Magnetic decals might prove answer to vehicle disagreement

Jun 19, 2012 By Martin Reed, Staff Writer

Fremont County commissioners and Coroner Ed McAuslan recognize at least one goal in their ongoing debate over identification decals placed on his vehicle.

"As I told the coroner ... I want the situation to be concluded," commissioner Dennis Christensen told his fellow board members June 5 about a meeting he had earlier with McAuslan.

The two discussed a possible compromise involving magnetic signs affixed to his vehicle that will identify it as part of the coroner's department. The magnets would allow the coroner to remove the identifying markers whenever he wants.

"To me, that solves the whole issue, and, like commissioner Christensen, I want this resolved," McAuslan told the county leaders.

Commissioners questioned whether magnetic decals would satisfy their requirement that the coroner's vehicle be identified.

McAuslan said he doesn't want permanent decals on his vehicles because at investigation scenes a coroner marker would bring unwanted public attention. He said the commission is not as qualified as himself to make decisions about his department's vehicles.

In January, the commission raised concerns about McAuslan getting flashing emergency lights and sirens on his vehicles, which they want identified so the public knows which agency is responding to a situation.

They sent the coroner a letter dated April 17 containing their demands for the decals. Their letter noted county policy that cars and trucks "should be clearly marked as 'Property of Fremont County Government' on the sides of the vehicles and equipment."

With the magnetic signs, McAuslan said if they are "potentially detrimental" at a scene, "we can pull them off."

The removable signs would resolve the situation, he told commissioners.

"They would be marked, especially under the use of emergency situations," he said.

Commission chairman Doug Thompson disagreed with the proposed solution. Speaking about his campaign experience with magnetic signs on his car, Thompson said "generally about a month and half in they peel off, and you'll leave them on the side of the road."

McAuslan said he still has magnetic signs for vehicles from former coroner Larry Lee's administration.

"They were in good shape, I think," he said. "I never lost one on the road."

Thompson asked if McAuslan would leave them on his vehicle at all times "unless for some reason you would deem them inappropriate."

McAuslan said he would take them off when parked.

"We don't want to provide kids in the area with coroner signs," he said. "They would be put on when we do an emergency response."

Commissioner Travis Becker questioned the circumstances that McAuslan would not want his vehicle identified.

"A questionable area is more of a questionable situation," the coroner said.

"There are times we go into an area and we've got signs that say coroner on them (with) onlookers and family members, we've got the potential there (for problems)," McAuslan said.

When his agency responded to the Wyoming Honor Farm prison in Riverton last year, institution officials "did not want the markings on there that say coroner," he said.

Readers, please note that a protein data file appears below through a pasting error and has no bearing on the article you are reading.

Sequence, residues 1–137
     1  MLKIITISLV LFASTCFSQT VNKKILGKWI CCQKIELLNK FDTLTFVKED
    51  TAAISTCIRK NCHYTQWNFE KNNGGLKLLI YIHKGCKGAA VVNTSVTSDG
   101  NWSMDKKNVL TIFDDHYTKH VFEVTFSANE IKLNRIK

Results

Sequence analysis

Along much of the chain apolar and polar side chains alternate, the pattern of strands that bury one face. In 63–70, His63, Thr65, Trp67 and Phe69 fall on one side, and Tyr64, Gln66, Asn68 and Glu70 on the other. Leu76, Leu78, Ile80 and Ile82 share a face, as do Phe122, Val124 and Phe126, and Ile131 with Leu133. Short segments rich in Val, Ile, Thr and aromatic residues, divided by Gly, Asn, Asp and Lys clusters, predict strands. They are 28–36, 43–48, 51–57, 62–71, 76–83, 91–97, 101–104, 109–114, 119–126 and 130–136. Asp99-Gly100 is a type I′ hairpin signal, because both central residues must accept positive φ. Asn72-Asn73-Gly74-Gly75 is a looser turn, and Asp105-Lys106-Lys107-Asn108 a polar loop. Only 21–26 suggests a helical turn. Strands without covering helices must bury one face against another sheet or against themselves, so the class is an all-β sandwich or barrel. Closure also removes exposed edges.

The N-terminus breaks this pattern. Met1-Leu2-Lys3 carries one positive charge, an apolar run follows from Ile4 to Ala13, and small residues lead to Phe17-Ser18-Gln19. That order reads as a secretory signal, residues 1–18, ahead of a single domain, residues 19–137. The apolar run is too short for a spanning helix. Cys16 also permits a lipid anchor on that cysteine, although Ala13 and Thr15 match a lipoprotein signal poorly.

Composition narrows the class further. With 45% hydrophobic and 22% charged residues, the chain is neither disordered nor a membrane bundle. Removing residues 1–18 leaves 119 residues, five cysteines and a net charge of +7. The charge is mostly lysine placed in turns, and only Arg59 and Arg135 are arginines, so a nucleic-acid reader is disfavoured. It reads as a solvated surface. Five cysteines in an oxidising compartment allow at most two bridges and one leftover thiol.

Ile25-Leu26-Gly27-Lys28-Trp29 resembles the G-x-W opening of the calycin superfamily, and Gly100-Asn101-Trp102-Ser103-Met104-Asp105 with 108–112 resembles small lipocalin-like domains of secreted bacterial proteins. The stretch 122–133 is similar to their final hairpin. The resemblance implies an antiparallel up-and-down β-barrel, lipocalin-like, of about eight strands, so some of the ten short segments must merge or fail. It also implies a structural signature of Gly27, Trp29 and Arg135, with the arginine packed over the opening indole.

Becker disagreed with his assessment.

"People will get upset. People are always upset when they see a policeman or ambulance or a coroner vehicle," he said.

"I believe I'm the professional on this situation, and the decision should be mine," McAuslan responded.

Instead of removable magnetic signs, some commissioners supported permanent decals that McAuslan could cover with a magnet at a sensitive scene.

"I would begrudgingly agree with that," Becker said.

Christensen said the proposal for a magnetic cover on the decal arose after his meeting with McAuslan. He called it a good option.

"Then it's up to the coroner's office to cover them when they need to be covered," Christensen said.

Commission vice chairman Pat Hickerson agreed with Becker.

"I think we should have permanent signs on the coroner's vehicle," he said.

Hickerson questioned the legitimacy of problems encountered by the coroner at a death scene.

"If you have an issue where there's family (enraged) ... why would you not call law enforcement and have law enforcement do crowd control? That would be an easy thing to do," he said.

Commissioner Keja Whiteman said she wants a resolution in the matter.

"I was hoping this was going to be wrapped up," she said.

McAuslan agreed: "I want it done, too. ... A lot of money, a lot of time has been invested in this, I think way too much."

Christensen said the debate raises the need to revise the county policy to require the decals.

"In terms of a follow-up, I'm convinced we need to strengthen the policy in capital revolving," he said, referring to the fund that purchases county government vehicles and other high-dollar equipment.

Thompson said the discussion with the coroner will continue.

"I don't think we're going to come to a conclusion today," he said. "We'll take it under advisement."

McAuslan said, "I assume I'll be hearing from you."

"I'm sure you will," Thompson replied.

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